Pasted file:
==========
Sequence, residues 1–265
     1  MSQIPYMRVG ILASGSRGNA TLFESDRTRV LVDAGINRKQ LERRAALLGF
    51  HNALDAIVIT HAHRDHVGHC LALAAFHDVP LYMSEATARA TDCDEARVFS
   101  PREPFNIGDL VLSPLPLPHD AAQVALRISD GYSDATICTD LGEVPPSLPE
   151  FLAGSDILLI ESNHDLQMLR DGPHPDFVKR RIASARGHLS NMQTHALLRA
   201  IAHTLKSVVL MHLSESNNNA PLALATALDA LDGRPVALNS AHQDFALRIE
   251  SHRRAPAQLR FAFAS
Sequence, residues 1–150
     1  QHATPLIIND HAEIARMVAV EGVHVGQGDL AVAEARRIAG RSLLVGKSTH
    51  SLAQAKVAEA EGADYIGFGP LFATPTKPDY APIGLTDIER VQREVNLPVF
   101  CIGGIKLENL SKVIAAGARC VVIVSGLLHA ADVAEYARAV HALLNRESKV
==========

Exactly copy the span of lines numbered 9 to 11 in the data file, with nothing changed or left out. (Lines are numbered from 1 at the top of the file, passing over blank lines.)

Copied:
     1  QHATPLIIND HAEIARMVAV EGVHVGQGDL AVAEARRIAG RSLLVGKSTH
    51  SLAQAKVAEA EGADYIGFGP LFATPTKPDY APIGLTDIER VQREVNLPVF
   101  CIGGIKLENL SKVIAAGARC VVIVSGLLHA ADVAEYARAV HALLNRESKV